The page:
Palace of Holyroodhouse
NT 269-739 Midlothian Scotland
The Palace of Holyroodhouse was originally an early 16th century stone Gothic palace and courtyard fortress, founded by King James IV. A tower, hall, chapel and gatehouse were constructed in the outer court of the Augustinian Abbey of Holyrood, which was originally founded by King David I in 1128. During the English 'Rough Wooing' invasion in 1544, the abbey and palace were burned and looted by troops under the Earl of Hertford. Only King James IV's tower with its round corner turrets, which now stands on the north-west angle of the palace, survived their destruction. It was in the Queen’s chambers in 1566, that Lord Darnley help in the murder of David Rizzio, while he was in the presence of Mary, Queen of Scot's. In the mid to late 17th century, Holyrood was reconstructed into a rectangular Renaissancere courtyard palace, with the old and a new tower block to the fore. This left the King James IV's tower and a fragment of the gatehouse, the only remains of the 16th century Gothic palace. Nearby is Croft an Righ House and a mile west is Edinburgh Castle.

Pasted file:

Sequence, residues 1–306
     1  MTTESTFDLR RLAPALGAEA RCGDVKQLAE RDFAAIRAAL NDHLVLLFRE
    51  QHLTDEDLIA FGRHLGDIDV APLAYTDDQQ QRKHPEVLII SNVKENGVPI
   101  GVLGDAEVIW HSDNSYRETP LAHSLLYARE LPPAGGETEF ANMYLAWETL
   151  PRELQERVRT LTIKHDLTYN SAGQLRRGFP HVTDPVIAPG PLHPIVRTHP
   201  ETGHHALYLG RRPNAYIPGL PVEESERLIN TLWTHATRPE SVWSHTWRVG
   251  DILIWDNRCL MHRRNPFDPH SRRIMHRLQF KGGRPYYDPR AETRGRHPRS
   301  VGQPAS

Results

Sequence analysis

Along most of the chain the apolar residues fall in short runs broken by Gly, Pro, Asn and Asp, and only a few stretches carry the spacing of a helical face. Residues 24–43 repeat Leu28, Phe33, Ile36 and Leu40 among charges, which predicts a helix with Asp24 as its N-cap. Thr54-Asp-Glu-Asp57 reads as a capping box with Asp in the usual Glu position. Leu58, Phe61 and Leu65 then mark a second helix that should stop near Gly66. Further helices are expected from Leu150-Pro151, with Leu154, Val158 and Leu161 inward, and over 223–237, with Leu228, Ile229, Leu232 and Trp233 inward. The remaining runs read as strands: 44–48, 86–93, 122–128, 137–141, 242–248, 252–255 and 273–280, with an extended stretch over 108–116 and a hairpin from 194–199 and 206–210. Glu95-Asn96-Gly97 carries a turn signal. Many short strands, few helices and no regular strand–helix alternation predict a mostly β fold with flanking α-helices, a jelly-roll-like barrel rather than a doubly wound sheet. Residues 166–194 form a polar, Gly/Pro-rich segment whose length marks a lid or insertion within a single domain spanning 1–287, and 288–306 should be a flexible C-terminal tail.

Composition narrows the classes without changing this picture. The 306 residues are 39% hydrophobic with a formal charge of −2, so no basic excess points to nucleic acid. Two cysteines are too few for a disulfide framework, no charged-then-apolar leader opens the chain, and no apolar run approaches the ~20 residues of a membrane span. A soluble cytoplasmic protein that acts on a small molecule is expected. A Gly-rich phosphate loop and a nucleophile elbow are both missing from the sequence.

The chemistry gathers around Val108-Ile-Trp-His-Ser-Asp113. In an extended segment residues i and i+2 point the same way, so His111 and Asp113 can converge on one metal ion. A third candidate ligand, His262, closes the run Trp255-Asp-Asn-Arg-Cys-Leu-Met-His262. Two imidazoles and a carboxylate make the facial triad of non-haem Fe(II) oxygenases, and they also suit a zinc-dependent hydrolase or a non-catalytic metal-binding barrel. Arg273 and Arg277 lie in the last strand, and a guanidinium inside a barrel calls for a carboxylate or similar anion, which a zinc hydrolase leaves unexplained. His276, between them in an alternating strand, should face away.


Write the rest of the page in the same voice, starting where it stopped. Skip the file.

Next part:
Palace of Holyroodhouse is located in Edinburgh, off Abbey Strand. A mile east of Edinburgh city centre, on Calton Road.
The site is a Royal Palace and Residence and is open daily, April to October 09:30-6:00pm, November to March 09:30-4:30pm. Last admissions are 5:00pm in the summer and 3:30pm in the winter. Closed during Royal visits, in September and December, check the website for dates.
There are car parks nearby.